A lender wants to give out loans; that’s how they make money. What a lender does not want to do however, is give out bad loans, meaning a loan that requires the lender to take on too much risk. The investor wants to work with a borrower who has the greatest chance of avoiding foreclosure. An effective underwriting guideline that allows the lender the best opportunity to recoup their initial investment is through Loan-To-Value ratios (LTV).
Loan-To-Value is a method that tells the lender how much equity and financing are in a property. Essentially, it is a way to look at the pending financial transaction and assess the risk versus the reward. Generally, borrowers with low Loan- To- Value ratios (LTV) are preferable for lenders because they present less risk for the lender. A greater initial investment from the homebuyer usually equates to lower foreclosure rates. Plain and simple, owners who put more of their own money into the property upfront are considered more dependable than their counterparts with higher LTV. The exception to this is when the loan is insured such as with a USDA, FHA or VA Guarantee. In this case, the lender is insured against loss up to 25% of the loan amount.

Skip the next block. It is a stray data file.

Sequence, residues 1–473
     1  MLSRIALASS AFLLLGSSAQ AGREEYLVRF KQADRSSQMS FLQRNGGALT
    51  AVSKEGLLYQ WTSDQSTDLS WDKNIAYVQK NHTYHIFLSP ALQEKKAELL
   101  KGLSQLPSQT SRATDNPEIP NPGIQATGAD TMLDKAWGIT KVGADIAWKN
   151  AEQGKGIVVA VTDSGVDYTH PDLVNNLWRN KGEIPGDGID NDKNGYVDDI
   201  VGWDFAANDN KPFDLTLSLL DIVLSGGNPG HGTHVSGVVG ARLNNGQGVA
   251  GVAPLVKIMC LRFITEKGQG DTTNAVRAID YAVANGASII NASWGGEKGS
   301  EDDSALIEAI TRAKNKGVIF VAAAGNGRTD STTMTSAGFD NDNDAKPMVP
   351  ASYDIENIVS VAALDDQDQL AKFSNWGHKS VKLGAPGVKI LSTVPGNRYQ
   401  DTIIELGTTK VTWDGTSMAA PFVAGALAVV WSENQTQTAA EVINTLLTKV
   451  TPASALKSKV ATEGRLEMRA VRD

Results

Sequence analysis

How to Calculate LTV:
Calculating Loan to Value is incredibly easy. Look at the value of the property after appraisal, calculate the borrowers’ down payment and mortgage amount and then divide the loan value against the property value.
For example: The appraised property value of a home is $300,000, the borrower’s down payment is $50,000 and the mortgage is $250,000, thus, the LTV is 83%
250,000 (Loan value)/300,000 (property value) = 83%
In addition to using Loan-To-Value as a determining factor into mortgage financing, it is used as well to establish if a borrower must pay private mortgage insurance.
With a VA loan, a borrower is able to receive 100 percent financing of the loan to value ratio, meaning a loan can be taken out for the entire value of the property. Furthermore, Interest Rate Reduction Refinancing loans do not have required underwriting guidelines. The LTV on IRRRL’s is 100 percent plus a .05 percent funding fee. For Cash-Out refinancing loans, up to 100 percent of the appraised value plus the funding fee can be taken out. The funding fee varies, for first time use it is 2.15 percent and for second time use it is 3.3 percent.